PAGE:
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A world tour of farm systems in light of biophysical economics

Updated: Oct 24, 2018

Solis Norton

New Zealand


The global primary food production system needs reconfiguring over the next 25 years to feed a growing human population under increasing resource constraints, energy in particular.  Drivers of this reconfiguration are very different from food production drivers of the last 25 years. 

Nuffield agricultural scholarships enable recipients to travel widely and learn from food production experts around the world. Through March and April 2018 our group of nine scholars engaged with over 100 experts while visiting numerous farms and food production chains. We travelled throughout the Netherlands, Oregon and Washington DC, the Czech Republic, Ukraine, Kenya, and South Africa.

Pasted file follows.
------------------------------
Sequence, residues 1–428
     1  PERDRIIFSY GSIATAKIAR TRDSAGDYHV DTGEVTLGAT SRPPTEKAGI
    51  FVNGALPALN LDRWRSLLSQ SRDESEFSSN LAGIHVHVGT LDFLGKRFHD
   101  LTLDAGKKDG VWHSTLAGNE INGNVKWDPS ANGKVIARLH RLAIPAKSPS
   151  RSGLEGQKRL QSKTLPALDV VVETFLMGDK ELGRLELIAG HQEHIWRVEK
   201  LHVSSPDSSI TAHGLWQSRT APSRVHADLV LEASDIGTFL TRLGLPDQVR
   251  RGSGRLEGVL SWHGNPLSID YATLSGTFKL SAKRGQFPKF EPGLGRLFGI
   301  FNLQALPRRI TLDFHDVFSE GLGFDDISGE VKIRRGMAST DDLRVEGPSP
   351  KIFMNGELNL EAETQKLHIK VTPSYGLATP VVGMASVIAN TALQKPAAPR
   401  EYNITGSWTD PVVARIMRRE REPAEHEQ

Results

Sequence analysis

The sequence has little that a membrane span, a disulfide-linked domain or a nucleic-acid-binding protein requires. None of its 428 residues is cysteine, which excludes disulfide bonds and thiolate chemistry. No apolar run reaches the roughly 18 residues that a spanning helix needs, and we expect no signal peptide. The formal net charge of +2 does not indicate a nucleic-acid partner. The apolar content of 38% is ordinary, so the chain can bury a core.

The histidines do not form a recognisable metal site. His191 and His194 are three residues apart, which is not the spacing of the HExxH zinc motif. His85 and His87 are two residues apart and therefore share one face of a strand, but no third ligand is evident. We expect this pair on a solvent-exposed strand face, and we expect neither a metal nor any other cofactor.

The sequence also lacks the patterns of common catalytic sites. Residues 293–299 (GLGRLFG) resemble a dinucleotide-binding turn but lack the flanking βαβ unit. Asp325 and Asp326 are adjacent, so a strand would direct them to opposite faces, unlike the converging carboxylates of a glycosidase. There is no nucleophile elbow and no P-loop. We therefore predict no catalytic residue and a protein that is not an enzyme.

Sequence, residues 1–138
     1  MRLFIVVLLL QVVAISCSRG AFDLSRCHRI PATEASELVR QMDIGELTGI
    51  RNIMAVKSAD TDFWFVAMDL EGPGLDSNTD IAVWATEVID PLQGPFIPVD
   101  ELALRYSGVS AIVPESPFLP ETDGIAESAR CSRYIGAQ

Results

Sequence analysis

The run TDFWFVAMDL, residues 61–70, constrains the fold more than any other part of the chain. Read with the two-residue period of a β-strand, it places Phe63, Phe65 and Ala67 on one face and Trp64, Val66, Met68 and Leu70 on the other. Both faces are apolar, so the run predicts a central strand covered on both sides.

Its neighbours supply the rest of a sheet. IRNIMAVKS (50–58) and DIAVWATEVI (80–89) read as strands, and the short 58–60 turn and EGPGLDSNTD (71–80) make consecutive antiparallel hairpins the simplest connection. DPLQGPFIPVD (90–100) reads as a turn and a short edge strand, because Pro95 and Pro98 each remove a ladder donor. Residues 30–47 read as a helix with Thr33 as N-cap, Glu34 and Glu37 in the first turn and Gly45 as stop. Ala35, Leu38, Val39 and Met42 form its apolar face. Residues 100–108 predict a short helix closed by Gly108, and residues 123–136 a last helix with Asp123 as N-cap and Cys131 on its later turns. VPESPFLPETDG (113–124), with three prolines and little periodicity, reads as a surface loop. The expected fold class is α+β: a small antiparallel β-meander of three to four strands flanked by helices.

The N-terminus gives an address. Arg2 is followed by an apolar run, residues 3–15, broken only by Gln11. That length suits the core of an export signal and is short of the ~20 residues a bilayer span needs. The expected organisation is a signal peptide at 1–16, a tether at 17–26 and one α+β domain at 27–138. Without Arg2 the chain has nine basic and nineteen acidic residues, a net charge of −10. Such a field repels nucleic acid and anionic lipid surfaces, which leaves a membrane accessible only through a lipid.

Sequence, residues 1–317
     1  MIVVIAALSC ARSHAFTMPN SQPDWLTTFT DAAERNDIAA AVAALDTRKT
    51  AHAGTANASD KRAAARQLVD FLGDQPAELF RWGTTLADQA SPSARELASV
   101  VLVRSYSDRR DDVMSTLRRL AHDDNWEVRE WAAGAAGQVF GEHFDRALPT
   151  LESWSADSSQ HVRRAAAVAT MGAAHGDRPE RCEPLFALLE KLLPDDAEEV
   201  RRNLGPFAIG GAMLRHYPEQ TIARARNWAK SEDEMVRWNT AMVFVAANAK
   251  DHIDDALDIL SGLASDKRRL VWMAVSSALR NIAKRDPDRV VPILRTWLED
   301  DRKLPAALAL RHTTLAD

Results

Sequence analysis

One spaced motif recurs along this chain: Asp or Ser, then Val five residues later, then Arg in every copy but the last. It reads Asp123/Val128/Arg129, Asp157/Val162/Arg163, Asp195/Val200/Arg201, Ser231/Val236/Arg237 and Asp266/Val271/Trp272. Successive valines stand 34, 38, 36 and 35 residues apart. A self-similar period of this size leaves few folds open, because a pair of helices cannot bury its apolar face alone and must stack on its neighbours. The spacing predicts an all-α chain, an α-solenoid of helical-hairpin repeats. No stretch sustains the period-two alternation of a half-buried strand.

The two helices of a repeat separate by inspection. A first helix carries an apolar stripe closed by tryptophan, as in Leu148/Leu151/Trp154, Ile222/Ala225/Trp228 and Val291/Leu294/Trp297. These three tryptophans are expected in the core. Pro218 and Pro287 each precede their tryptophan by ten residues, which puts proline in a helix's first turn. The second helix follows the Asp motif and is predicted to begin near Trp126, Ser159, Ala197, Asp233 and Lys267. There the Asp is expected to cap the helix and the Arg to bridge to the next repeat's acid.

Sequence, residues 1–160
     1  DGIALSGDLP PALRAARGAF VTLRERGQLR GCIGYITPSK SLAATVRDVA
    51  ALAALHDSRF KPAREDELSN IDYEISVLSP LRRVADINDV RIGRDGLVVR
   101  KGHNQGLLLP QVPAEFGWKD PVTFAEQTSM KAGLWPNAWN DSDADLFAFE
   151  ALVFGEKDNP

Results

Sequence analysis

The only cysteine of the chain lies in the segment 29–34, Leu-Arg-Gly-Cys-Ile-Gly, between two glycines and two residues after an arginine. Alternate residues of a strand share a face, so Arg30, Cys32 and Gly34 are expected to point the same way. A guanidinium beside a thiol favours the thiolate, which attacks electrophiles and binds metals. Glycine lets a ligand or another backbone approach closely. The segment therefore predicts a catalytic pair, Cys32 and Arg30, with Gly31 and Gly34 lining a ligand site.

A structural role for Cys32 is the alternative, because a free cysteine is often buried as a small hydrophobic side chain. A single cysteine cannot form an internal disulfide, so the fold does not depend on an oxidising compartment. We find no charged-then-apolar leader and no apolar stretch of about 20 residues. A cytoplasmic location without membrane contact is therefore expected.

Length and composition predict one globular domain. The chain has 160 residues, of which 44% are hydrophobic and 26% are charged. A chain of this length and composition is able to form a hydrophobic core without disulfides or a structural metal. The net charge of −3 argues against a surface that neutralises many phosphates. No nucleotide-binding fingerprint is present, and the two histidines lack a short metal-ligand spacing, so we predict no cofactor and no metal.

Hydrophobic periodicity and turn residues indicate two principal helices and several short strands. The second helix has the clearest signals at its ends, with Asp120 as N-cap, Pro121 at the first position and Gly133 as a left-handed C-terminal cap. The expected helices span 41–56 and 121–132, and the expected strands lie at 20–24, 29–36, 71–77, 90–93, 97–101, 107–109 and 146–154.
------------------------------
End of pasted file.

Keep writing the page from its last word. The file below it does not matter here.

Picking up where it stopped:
A diverse range of farm systems exist in many countries, some under utilised and others we agreed were not sustainable.  The correct mix of these systems could undoubtedly meet the physical and logistical changes necessary. The impact of political and culture elements, along with current popular economic thinking represent separate challenges. My presentation highlights key themes from this experience and begins to explore them from a biophysical and EROI perspective.

Click image to see PDF of presentation.

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